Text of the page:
C.R. Hibbs

C.R. Hibbs is a Visiting Practitioner at Stanford University's Center for Philanthropy and Civil Society. Her current work, which includes consulting to private foundation clients, focuses on integrating organizational capacity and strategy, philanthropic training and learning, and fostering communities of practitioners for collective social impact. Before coming to PACS, C.R. served as Senior Advisor to the President of the Hewlett Foundation. She also spent ten years as a program officer and the managing director for Mexico for the Hewlett Foundation's Global Development Program. In that capacity, Ms. Hibbs established the Hewlett Foundation’s Mexico City office, and developed a portfolio of grants that contributed to significant justice reform and transparency and accountability reforms in Mexico. For a short video of her work fostering collective impact in Mexico click here.

Nadia Roumani

Nadia Roumani is a Visiting Practitioner with Stanford University’s Center for Philanthropy and Civil Society (PACS), and a Lecturer and 2013 Fellow with Stanford’s Hasso Plattner Institute of Design (the Ms. Roumani is interested in how to integrate design thinking with philanthropy, and she has facilitated design workshops for foundations across the country, including the Gates Foundation, Florida Philanthropy Network, Nexus Youth Summit, Council on Foundations, and the Nathan Cummings Foundation, among others. Her approach is to introduce design thinking as a tool to help foundations better scope challenges they want to address by engaging end users, increase intra-organizational creativity and innovation, and incorporate radical collaboration.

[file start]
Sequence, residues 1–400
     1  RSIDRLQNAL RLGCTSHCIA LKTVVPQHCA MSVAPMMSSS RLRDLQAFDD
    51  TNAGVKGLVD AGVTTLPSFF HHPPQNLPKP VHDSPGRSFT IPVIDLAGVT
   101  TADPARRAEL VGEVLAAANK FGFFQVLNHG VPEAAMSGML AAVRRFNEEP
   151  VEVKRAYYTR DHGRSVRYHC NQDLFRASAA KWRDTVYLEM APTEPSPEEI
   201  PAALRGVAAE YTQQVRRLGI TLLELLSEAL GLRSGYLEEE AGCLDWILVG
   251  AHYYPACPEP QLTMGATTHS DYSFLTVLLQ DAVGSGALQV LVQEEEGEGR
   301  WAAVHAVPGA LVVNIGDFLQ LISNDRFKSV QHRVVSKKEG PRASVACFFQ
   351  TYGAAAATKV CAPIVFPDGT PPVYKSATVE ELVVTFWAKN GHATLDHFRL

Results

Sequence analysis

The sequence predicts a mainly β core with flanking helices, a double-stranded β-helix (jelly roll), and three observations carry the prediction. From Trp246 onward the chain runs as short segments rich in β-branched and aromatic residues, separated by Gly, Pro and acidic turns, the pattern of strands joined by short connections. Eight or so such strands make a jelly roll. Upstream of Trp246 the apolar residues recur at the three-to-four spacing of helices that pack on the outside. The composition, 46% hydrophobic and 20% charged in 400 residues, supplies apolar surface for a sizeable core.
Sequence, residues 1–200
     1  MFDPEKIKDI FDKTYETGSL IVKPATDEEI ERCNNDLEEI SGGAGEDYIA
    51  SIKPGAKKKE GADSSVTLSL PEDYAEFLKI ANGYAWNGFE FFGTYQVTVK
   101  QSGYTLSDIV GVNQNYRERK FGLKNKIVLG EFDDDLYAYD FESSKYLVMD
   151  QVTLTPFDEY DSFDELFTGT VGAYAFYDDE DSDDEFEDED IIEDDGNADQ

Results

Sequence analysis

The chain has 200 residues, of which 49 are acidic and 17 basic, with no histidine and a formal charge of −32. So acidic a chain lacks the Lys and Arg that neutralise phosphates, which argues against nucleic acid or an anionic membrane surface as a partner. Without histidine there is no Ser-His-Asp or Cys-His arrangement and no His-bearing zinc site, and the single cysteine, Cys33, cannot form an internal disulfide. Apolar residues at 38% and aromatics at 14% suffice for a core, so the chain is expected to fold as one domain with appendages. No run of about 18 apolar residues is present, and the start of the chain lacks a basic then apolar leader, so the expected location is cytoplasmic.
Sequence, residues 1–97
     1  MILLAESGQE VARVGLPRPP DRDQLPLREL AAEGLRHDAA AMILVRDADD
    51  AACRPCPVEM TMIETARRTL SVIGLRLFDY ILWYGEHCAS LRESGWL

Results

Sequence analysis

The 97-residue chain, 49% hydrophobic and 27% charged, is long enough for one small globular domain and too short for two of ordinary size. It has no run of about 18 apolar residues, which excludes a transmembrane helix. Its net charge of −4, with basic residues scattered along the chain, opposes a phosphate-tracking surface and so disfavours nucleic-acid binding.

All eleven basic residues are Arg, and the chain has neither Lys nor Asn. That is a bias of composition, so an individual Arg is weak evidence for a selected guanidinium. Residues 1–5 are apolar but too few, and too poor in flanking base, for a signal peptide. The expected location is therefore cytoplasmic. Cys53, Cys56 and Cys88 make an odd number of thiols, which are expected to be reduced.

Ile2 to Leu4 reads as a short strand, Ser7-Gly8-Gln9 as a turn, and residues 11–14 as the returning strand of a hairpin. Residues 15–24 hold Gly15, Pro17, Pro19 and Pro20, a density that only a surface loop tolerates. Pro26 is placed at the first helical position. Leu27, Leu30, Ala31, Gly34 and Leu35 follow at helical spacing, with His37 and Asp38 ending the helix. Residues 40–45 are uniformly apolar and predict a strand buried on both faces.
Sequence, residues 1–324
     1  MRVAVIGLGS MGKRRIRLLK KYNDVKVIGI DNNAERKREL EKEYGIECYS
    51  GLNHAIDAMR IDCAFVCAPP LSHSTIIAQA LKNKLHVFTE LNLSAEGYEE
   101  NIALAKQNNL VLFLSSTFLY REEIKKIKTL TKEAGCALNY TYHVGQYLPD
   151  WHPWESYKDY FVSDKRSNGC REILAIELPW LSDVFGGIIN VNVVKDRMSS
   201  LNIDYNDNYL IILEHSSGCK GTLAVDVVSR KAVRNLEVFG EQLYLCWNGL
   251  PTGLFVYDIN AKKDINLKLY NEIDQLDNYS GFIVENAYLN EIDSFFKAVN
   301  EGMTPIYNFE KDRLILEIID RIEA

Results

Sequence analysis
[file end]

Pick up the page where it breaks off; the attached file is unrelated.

Christine Sherry

Christine Sherry worked for a decade at the Hewlett Foundation as the founding Executive Director of the Philanthropy Workshop West, a program in partnership with the TOSA and Rockefeller Foundations. She taught a course, Giving Wisely, last fall in the Stanford Continuing Studies program and will teach a similar course starting this September. Since 2008, Christine has led her own philanthropic advising practice, working with a number of Stanford researchers. A distinctive focus of her work is field mapping of various philanthropic landscapes, from climate change to global development. She graduated from Stanford with a dual degree in International Relations and the Humanities Honors program.


Jenny Shilling Stein

Jenny Shilling Stein co-founded the Draper Richards Kaplan Foundation in 2002 to identify and support the most talented social entrepreneurs. The Draper Richards Kaplan Foundation seeks to dramatically improve the lives of people and the world around us through innovative strategies, systems changing approaches, and disrupting technologies. Its goal is to find social entrepreneurs with dynamic ideas and nurture them at the early stages with maximum leverage and total commitment. Jenny currently serves on the boards of FoodCorps, Global Health Corps, Sanergy and Think Unlimited and is an Advisor to New Classrooms. Jenny received both her Master of Business Administration and her Master of Education from Stanford University. She graduated magna cum laude in Psychology and English from Amherst College.